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While most of us weren't paying attention, the U.S. women's national soccer team easily qualified for its eighth consecutive World Cup. Were this team of another gender, the nation would be over the moon. World Cup qualifying doesn't come quite as smoothly for the American men as it does for the women.
So they're in, which really isn't news, because they're always in, having never missed a World Cup going all the way back to the first one in 1991, which they won. They famously triumphed again in 1999 in a red, white and blue sports spectacle that turned into a cultural awakening, inspiring a generation of women who are now beginning to assume their rightful place in society — which has the distinct look of slowly but surely taking over the world.
And they won again the last time the Women's World Cup was played in 2015, so they are the defending champions heading next summer to France, where, led by veterans Carli Lloyd, Alex Morgan, Megan Rapinoe and Becky Sauerbrunn, they will be favored to win their fourth World Cup. Germany has won two; Norway and Japan have each won one.
That pretty much sums up the sports side of this story. But this being the U.S. women's national soccer team, there's always going to be more. This team is perennially in the middle of some issue or another that matters to girls and women not just in the United States but around the world. And it's always on the right side of that issue.
Four years ago in Canada, the subject was turf. FIFA, the non-profit international federation whose mission is to grow and promote the game of soccer worldwide, refused to let the women play on natural grass, which is of course what the men play on. They insisted the women play on artificial turf, considered by elite players to be an inferior surface that can cause more injuries than grass.
When Abby Wambach and 80 other players from 13 nations sued on the basis of gender discrimination, FIFA not only fought the suit, which eventually was withdrawn in the face of mounting legal hurdles, it also threatened retaliation against the players.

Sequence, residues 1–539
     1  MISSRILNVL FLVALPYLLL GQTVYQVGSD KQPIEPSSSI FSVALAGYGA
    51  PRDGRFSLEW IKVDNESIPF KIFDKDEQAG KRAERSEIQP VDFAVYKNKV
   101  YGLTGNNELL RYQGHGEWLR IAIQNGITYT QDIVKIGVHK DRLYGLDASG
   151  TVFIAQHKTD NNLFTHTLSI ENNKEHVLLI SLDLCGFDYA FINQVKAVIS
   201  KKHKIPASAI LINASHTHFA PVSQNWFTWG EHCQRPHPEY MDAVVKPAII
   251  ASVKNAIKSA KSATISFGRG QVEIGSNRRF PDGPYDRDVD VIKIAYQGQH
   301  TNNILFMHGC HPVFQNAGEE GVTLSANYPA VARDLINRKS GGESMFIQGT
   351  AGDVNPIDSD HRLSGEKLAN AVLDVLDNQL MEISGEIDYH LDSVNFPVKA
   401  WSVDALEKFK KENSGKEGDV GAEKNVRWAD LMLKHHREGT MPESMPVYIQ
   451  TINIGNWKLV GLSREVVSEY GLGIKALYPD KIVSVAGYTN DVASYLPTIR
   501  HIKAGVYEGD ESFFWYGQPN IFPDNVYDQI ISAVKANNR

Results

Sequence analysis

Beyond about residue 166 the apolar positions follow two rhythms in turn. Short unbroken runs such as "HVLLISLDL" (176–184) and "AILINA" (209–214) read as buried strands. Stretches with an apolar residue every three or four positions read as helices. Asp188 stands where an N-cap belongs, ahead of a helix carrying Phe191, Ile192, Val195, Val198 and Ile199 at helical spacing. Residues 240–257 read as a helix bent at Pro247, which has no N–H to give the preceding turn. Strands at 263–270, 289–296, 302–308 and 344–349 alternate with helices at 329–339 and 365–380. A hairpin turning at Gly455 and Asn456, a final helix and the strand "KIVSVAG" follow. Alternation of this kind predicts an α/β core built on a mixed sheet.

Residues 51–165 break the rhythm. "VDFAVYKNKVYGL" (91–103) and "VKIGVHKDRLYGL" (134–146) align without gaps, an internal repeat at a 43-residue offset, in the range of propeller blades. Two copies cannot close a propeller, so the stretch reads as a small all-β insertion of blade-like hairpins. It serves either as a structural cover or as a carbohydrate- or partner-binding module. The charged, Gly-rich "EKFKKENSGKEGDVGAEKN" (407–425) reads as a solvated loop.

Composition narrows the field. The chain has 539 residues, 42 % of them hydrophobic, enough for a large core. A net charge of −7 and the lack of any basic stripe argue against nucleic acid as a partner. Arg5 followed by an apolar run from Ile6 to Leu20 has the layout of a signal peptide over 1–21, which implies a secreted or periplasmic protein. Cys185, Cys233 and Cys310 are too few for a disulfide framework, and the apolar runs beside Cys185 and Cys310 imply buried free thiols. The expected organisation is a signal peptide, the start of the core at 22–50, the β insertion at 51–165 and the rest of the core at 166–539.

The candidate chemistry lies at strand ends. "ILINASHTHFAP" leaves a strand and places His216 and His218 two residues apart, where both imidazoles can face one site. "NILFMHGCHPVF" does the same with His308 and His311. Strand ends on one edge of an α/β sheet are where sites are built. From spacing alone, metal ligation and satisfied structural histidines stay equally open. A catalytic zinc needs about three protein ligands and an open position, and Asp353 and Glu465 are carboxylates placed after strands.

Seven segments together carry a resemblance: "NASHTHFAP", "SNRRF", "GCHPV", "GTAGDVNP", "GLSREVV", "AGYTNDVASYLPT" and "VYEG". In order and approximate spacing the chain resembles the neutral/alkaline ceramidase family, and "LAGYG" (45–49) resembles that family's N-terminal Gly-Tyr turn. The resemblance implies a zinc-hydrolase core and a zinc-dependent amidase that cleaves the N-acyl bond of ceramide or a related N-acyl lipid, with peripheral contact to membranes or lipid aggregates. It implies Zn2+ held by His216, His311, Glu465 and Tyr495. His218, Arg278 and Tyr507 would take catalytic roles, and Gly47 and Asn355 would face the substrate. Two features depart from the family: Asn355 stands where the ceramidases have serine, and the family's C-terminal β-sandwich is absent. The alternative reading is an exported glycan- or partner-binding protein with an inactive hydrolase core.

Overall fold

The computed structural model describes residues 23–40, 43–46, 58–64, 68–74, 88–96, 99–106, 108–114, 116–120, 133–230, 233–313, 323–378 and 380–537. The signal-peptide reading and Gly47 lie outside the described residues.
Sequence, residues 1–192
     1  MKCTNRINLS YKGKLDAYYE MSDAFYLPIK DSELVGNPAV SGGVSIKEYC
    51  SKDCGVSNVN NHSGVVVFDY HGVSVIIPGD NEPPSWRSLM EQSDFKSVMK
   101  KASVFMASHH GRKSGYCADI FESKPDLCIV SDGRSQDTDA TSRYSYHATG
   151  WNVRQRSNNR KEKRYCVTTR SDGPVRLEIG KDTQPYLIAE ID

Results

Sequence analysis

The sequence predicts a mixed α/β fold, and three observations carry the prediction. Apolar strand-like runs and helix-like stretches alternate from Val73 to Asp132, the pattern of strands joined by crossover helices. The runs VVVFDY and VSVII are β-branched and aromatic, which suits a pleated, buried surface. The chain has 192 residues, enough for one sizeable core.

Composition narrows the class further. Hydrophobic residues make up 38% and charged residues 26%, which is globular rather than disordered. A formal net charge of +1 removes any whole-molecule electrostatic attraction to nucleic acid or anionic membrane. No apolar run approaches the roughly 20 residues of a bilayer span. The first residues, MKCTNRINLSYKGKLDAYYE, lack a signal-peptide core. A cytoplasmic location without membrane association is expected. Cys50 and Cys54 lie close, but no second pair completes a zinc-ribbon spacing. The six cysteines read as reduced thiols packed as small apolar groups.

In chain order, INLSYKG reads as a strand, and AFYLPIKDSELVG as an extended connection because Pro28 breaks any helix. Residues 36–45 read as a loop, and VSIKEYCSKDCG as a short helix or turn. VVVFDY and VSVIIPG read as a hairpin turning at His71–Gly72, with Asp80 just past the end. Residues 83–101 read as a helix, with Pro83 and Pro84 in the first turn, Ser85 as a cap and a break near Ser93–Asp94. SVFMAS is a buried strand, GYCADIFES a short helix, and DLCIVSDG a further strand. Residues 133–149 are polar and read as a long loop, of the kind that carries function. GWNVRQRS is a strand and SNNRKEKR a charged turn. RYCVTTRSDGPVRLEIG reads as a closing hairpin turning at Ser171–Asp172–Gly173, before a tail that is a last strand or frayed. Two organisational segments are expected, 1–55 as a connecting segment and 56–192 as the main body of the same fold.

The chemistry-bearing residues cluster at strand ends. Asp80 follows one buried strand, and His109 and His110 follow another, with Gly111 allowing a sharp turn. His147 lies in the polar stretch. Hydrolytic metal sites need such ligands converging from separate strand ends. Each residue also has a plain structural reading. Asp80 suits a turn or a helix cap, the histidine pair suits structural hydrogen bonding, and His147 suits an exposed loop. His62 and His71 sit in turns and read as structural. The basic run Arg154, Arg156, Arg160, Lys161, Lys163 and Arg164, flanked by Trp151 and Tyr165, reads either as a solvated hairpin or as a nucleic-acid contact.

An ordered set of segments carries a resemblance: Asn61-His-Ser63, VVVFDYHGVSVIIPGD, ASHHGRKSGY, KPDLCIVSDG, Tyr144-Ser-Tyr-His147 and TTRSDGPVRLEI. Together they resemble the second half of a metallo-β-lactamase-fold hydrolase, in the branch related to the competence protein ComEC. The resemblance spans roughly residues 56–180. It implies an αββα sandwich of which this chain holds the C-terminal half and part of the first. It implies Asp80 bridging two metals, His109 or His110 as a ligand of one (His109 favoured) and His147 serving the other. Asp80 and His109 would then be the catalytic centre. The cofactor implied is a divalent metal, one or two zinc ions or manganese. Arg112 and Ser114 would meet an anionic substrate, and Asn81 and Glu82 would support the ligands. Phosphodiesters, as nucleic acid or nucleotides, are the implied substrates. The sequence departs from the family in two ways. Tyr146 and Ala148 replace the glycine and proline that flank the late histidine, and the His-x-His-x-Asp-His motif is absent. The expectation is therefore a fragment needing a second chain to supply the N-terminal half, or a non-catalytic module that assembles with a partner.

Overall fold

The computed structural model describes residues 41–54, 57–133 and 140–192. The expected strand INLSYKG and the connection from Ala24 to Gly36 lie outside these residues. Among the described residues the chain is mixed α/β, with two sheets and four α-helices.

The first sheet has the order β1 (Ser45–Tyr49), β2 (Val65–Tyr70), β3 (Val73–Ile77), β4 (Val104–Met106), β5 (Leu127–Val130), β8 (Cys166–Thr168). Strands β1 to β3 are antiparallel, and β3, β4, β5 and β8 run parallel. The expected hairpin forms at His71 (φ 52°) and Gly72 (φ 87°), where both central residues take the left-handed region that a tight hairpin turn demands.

Nothing encourages little girls around the world to take up soccer like seeing their heroes being treated as second-class citizens by the leaders of the sport.
Four years later, the Old Boys Club known as FIFA is at it again. This time, they're back to their favorite issue: vastly unequal prize money.
The other day, SI.com and Fox Sports TV broke the news that FIFA was going to double the total prize money for the 24 Women's World Cup teams from $15 million in 2015 to $30 million in 2019.
That sounds like good news until you consider that FIFA has pledged to give $440 million to the 32 teams playing in the men's World Cup in 2022 in Qatar.
"I think they're probably looking for pats on the back for the increase, and they're not getting any from here," Rapinoe told SI.com. "Until they're going to take meaningful steps to truly show they're caring about the women's game in a sort of deeper way, it's like, I don't know, $15 million is nothing to them. ... It's a significant amount of money, I get that, for the teams, but where are they even pulling this number from? If they just want to sort of arbitrarily do it, they could increase it by $100 million and wouldn't miss it."
She's right about that. FIFA has the money. This summer's men's World Cup generated $6.1 billion in revenue for FIFA.
As a comparison, the best the Women's World Cup has ever done is about $73 million in revenue in 2011 in Germany. But those numbers should not matter to FIFA because it is not a for-profit company. It is designed not to make decisions based on who's bringing in the money, but rather on how to help the game grow, and girls and women are still an untapped market for FIFA in many places around the world.
By giving women an international stage to showcase their game, FIFA believes it is doing well. But next year, unbelievably, it scheduled the final of the Women's World Cup on the same day (July 7) as two big men's events, the Copa America final and the CONCACAF Gold Cup final. That means, in many nations around the world, the crown jewel of women's soccer will be just the third biggest story in the sport on that day.
FIFA has the power to do anything in soccer, including changing the dates of a couple of games. It must do that in this case.
"In the way that they truly care about the men's game," Rapinoe said, "they don't truly care about the women's game."
That's a U.S. women's soccer player doing what she does best: winning games, giving her opinion, causing some trouble, making us think.
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